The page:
Pilates postures

The hazards of our modern sedentary lifestyle

Apart from the general optimal functioning of the body i.e. physiologically and basic joint mobility through simple activities such as walking, there is an increased risk of developing health problems such as cancer, reduced insulin sensitivity which is a risk factor for diabetes, heart disease, lower back pain, neck stiffness, obesity and restless legs associated with living a sedentary lifestyle.

Your Pilates instructor will teach you good postural alignment techniques for both standing and sitting positions. This will ensure good posture and correct head/shoulder/neck alignment which is essential to prevent chronic neck, shoulder and back problems as well as headaches.

Prolonged sedentary activity such as office work and driving and the associated physical effects can be improved by monitoring and introducing short breaks to stand, stretch, and even do some Pilates postures and exercises.

According to a review study published in the Annals of Internal Medicine regardless of regular exercise “More than one half of an average person’s day is spent being sedentary — sitting, watching television, or working at a computer,” said Dr. David Alter, Senior Scientist, Toronto Rehab, University Health Network (UHN) and Institute for Clinical Evaluative Sciences. “Our study finds that despite the health-enhancing benefits of physical activity, this alone may not be enough to reduce the risk for disease.”

In “Recommendations for Physical Activity in Older Adults”, Professor Phillip Sparling and colleagues write: “There is now a clear need to reduce prolonged sitting. Secondly, evidence on the potential of high intensity interval training in managing the same chronic diseases, as well as reducing indices of cardio metabolic risk in healthy adults, has emerged. This vigorous training typically comprises multiple 3-4 minute bouts of high intensity exercise interspersed with several minutes of low intensity recovery, three times a week.

Between these two extremes of the activity spectrum is the mainstream public health recommendation for aerobic exercise… 150 minutes a week of moderate intensity activity in bouts of 10 minutes or more… However, many people, especially in older age groups, find it hard to achieve this level of activity. We argue that when advising patients on exercise doctors should encourage people to increase their level of activity by small amounts rather than focus on the recommended levels. The 150 minute target, although warranted, may overshadow other less concrete elements of guidelines. These include finding ways to do lower intensity lifestyle activity”. Regular Pilates classes and daily practice of Pilates exercises is therefore vital to everyone with or without the extra higher intensity exercise options.

The hazards of our modern sedentary lifestyle were highlighted in a two-part series of Article 7 in the British Medical Journal (BMJ) published at the beginning of January 2015 where it was suggested that public policy needs to be reassessed to focus on increasing body movement during work hours.


Physical treatments for back pain and osteoarthritis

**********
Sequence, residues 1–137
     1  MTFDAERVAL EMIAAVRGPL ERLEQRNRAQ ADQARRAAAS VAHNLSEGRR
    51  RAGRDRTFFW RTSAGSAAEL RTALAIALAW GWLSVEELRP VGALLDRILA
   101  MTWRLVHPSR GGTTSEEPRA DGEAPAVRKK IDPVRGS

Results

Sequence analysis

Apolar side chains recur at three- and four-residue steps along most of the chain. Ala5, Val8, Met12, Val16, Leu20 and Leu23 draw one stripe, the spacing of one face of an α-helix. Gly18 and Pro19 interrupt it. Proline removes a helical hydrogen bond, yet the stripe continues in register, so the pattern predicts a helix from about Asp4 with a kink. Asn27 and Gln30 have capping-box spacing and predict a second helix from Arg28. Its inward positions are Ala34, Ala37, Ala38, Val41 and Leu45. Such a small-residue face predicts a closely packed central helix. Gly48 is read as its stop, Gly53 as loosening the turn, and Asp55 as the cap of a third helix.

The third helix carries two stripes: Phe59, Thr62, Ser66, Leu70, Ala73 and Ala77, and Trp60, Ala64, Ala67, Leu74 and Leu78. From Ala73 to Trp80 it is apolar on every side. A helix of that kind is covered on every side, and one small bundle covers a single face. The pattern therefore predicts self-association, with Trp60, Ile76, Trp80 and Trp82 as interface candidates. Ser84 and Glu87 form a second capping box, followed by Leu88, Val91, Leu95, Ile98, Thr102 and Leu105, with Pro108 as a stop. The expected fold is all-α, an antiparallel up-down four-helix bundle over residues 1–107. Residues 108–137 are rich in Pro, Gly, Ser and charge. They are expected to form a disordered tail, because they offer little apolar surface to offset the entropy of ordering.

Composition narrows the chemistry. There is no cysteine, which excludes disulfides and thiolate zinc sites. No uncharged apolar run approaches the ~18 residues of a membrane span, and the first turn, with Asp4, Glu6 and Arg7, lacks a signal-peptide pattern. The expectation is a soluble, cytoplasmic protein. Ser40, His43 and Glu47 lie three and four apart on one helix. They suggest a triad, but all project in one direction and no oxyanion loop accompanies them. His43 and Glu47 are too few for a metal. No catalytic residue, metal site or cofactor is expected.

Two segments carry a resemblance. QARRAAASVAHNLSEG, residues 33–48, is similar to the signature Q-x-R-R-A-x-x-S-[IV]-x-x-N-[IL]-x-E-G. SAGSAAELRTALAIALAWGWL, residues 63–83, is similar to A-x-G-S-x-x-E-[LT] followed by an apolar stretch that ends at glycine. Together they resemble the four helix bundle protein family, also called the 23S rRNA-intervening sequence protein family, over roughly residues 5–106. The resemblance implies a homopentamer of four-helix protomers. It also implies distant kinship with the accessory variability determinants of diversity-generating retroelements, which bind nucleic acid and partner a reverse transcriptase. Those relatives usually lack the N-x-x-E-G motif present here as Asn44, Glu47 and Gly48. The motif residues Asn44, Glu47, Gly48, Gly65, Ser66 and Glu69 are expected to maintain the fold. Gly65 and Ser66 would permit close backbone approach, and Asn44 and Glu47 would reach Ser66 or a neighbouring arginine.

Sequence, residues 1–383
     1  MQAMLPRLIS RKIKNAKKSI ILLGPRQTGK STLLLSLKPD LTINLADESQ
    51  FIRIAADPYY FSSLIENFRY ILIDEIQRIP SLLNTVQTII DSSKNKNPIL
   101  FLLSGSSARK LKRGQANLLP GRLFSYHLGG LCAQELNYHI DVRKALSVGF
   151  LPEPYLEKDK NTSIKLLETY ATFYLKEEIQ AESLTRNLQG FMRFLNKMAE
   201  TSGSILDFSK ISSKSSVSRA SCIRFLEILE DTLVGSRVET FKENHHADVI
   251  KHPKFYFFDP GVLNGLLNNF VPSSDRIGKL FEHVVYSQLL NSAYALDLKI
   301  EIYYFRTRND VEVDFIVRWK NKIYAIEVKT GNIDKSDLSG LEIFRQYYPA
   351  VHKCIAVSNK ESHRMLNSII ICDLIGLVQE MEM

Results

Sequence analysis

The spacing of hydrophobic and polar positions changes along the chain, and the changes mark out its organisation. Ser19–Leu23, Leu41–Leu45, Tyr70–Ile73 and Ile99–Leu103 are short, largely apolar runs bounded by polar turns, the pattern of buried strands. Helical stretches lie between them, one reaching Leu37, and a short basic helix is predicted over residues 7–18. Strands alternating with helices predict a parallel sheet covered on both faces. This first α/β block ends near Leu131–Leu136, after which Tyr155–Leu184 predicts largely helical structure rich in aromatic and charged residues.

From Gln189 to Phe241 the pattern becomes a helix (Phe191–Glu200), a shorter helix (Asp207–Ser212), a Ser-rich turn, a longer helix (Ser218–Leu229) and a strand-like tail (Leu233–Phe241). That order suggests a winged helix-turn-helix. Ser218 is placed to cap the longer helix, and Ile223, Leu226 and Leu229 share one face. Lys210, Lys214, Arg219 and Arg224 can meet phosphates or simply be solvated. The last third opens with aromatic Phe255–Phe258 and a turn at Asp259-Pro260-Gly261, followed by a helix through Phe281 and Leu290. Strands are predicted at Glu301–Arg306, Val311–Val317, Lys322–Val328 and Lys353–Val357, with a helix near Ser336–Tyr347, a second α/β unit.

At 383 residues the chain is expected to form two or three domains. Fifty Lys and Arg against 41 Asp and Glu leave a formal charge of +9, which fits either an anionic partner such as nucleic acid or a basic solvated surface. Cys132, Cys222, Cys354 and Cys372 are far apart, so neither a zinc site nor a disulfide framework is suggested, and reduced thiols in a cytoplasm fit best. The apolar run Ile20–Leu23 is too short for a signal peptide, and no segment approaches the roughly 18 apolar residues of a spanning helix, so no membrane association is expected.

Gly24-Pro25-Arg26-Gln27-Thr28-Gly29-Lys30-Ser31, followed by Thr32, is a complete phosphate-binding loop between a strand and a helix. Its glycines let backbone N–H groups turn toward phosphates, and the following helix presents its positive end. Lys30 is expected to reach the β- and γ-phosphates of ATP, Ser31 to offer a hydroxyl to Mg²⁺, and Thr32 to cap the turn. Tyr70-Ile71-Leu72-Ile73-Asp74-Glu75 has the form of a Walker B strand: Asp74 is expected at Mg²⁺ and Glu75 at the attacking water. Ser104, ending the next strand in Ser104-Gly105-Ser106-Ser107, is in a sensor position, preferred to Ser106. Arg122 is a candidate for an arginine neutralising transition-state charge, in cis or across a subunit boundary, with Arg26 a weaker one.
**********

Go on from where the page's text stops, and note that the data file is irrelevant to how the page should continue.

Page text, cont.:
Supportive therapies can help make everyday activities easier.

Pilates can be of great benefit for people who suffer from arthritic pain because this physical practice can strengthen the muscles supporting your joints. People often combine Pilates with aerobic exercises and a workout routine to lose weight thus strengthening muscles whilst reducing physical pain.

Osteoarthritis (OA) is the most common type of arthritis in the UK and is a condition that causes the joints to become painful and stiff. Studies have shown people with arthritis who perform Pilates had a better range of motion and less stiffness than people who did not include Pilates in their exercise routines. OA affects the joint cartilage and the bone tissue next to the cartilage. By maintaining a healthy weight and doing regular, gentle exercises you may be able to reduce your chances of developing the condition.

Osteoarthritis (OA) symptoms will be improved through regular exercise which maintains activity and mobility whilst building up muscle and thereby strengthening the joints.

Pilates is a great tool for managing osteoarthritis pain as it can increase flexibility, muscle strength and physical endurance. Pilates, as part of your arthritis treatment, helps you lose weight whilst improving your overall sense of well-being. Generally, exercise is also good for improving your posture and relieving stress, all of which will ease symptoms.

Whatever your age or level of fitness, physical activity is one of the most important treatments for people with osteoarthritis. A combination of exercises to strengthen your muscles and exercises to improve your general fitness will improve your overall physical ability and lessen pain.

Click here for more details regarding Arthritis Research.


Exercise is Medicine

Almost a third of the world population is categorised as being physically inactive.

Our Pilates courses aim to, amongst other goals for each individual persons Pilates practice, achieve workplace wellness, good posture and rehabilitation as well as encouraging general physical activity for your improved movement and health.

Medical departments worldwide including the Faculty of Life, health sciences and the School of Public Health have and are debating physical movement for improved health and chronic disease prevention.

President of the Faculty of sport and exercise medicine (FSEM) Dr Roderick Jaques comments: “The healthcare agenda has been focused for too long on obesity whilst physical inactivity, a larger health threat, has gone largely unrecognised. Addressing physical inactivity through prescribed exercise provides a fresh approach to the prevention and management of avoidable diseases like cancer, diabetes, heart disease and many common muscular-skeletal conditions. Exercise medicine can also provide sustainable treatment for excess weight, obesity and mental health and it has an enormous application for workplace wellness and rehabilitation. Physical activity being at the core of healthcare and communities is a focus as well as providing a sustainable solution to public health and the pressures facing the NHS.”